Meet U of A’s New Chancellor, Peggy Garritty

On June 18, 2020, Peggy Garritty is being installed as the University of Alberta’s 22nd Chancellor.

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On June 18, 2020, Peggy Garritty was installed as the University of Alberta’s 22nd Chancellor. The Quad (virtually) met with Chancellor Garritty to hear how she plans to approach the role during an important era of change for the university.

A lot has changed at the university and in the world since you were elected on March 6. What have you been doing to prepare for the role?

Since then nothing is the way that I expected it to be. I’m glad that I was elected back in March because I have had time to think about it and process this new reality. What I miss the most is seeing people face to face, going for coffee, and having really informal conversations. When on a video call it is efficient and things get done quickly, but I feel like you don’t have long, lingering, surprising conversations. And I miss being on campus! Campus has such a life of its own and it’s such a part of the whole experience of the university. It really is a community and there’s no way of substituting that. I’m hoping as we’re able to open things up a bit more that I will be able to be on campus again and get the feel of being there.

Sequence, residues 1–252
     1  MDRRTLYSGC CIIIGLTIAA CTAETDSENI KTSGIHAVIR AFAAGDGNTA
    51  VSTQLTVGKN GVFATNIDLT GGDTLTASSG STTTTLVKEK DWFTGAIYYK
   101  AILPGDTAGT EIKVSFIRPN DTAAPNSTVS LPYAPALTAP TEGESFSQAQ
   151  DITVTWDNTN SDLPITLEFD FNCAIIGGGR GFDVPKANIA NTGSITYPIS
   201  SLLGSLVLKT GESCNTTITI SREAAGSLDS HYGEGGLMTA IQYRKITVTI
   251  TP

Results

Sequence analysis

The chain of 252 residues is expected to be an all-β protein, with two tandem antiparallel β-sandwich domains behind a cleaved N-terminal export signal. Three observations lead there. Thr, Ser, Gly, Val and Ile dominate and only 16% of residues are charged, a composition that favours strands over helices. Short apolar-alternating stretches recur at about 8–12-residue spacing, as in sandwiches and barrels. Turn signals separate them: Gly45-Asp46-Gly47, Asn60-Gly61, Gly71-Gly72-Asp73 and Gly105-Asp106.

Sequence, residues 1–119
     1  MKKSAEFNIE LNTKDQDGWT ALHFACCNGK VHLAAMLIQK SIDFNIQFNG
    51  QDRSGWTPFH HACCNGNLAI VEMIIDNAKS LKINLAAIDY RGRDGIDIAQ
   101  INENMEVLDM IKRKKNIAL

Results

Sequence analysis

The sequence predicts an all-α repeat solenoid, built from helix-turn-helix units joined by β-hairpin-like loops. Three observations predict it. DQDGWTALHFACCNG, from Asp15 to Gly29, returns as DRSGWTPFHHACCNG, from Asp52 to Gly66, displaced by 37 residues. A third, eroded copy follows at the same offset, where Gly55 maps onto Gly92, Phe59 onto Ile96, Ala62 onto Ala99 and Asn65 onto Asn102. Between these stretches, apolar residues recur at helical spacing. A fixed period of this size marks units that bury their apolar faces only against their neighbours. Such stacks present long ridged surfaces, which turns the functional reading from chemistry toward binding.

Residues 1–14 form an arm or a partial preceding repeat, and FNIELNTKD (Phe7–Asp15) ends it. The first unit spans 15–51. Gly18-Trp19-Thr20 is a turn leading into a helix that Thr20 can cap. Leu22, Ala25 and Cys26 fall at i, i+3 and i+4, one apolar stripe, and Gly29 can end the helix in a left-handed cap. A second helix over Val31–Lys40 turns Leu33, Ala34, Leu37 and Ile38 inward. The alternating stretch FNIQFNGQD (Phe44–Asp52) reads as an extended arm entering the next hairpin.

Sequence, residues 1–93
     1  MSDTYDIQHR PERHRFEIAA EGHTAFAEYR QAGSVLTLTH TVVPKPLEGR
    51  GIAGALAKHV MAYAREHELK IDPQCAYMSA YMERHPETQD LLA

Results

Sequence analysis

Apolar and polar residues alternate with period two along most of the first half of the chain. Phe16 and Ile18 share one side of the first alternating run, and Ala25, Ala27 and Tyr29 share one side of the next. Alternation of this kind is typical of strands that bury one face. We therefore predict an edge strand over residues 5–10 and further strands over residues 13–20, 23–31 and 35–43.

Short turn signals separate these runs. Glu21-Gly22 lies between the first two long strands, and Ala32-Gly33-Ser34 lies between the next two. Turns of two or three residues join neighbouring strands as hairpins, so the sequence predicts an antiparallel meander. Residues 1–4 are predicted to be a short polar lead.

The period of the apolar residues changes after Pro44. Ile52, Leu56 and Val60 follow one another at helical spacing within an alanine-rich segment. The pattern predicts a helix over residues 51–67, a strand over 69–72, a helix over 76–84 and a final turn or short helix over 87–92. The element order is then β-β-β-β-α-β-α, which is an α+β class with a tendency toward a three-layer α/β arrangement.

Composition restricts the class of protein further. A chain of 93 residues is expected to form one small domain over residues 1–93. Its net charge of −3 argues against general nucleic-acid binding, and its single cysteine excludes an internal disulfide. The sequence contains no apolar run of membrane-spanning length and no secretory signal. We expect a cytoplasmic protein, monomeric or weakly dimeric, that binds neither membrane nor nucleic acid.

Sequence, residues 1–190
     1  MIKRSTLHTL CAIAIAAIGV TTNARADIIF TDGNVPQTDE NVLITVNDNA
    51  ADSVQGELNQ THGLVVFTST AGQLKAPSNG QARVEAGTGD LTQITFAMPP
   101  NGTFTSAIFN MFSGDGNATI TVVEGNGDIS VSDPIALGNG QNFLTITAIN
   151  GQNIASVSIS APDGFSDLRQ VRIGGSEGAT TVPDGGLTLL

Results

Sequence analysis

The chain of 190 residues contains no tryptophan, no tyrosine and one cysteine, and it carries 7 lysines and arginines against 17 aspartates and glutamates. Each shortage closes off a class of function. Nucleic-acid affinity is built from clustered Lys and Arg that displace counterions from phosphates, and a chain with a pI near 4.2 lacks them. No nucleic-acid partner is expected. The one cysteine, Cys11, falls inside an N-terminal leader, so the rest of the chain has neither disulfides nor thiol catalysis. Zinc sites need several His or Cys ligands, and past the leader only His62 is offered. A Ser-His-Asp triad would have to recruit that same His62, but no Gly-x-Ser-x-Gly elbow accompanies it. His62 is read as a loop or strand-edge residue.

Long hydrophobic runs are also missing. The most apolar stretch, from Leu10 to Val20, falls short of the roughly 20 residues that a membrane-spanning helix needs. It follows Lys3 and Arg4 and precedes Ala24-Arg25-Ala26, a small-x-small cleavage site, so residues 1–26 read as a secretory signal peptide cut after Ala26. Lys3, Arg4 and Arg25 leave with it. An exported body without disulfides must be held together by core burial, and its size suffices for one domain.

[Outgoing Chancellor] Doug Stollery has been amazing and we’ve spent so much time together. He’s shared with me not only the facts about how things work and the responsibilities, but has also given me his insights and the things that he’s learned in the last four years. I’ve had the opportunity to participate in a Senate plenary and a Board of Governors meeting. I’m getting to meet people virtually. People have bent over backwards to welcome me and find different ways of doing this. I’m sure everyone is feeling the Zoom fatigue but it is so much better to get to see people and get a sense of the faces and not just voices.

What is one piece of advice from Doug Stollery that has stood out for you?

When I applied for the role, I don’t think I had a full appreciation for what chancellors do. He has provided me with so much guidance about the behind the scenes role of the chancellor and how they can be a good sounding board for the president and the board chair and others. They can really engage in hard conversations because in a way the chancellor is a neutral role. They are a strong advocate for the university but are not part of the formal academic decision-making process. That allows for the kind of relationship where you can have more difficult conversations. I’ve also learned about what the Senate has done and tried to do to build bridges to the community and how important it is, probably now more than ever, to make those connections in the broader community.

What have you personally been doing to fill time during the pandemic?

I am reading a lot. I love to read. It’s something I just do constantly. And I’m staying connected with friends and family. I just had a virtual lunch with four close friends. We all worked together in the past, but could never find the time to all go for lunch together. Now we are virtually together and it’s not a problem finding an hour to meet. Several other close friends and I have virtual wine dates.

Do you have any thoughts about how you want to approach your role?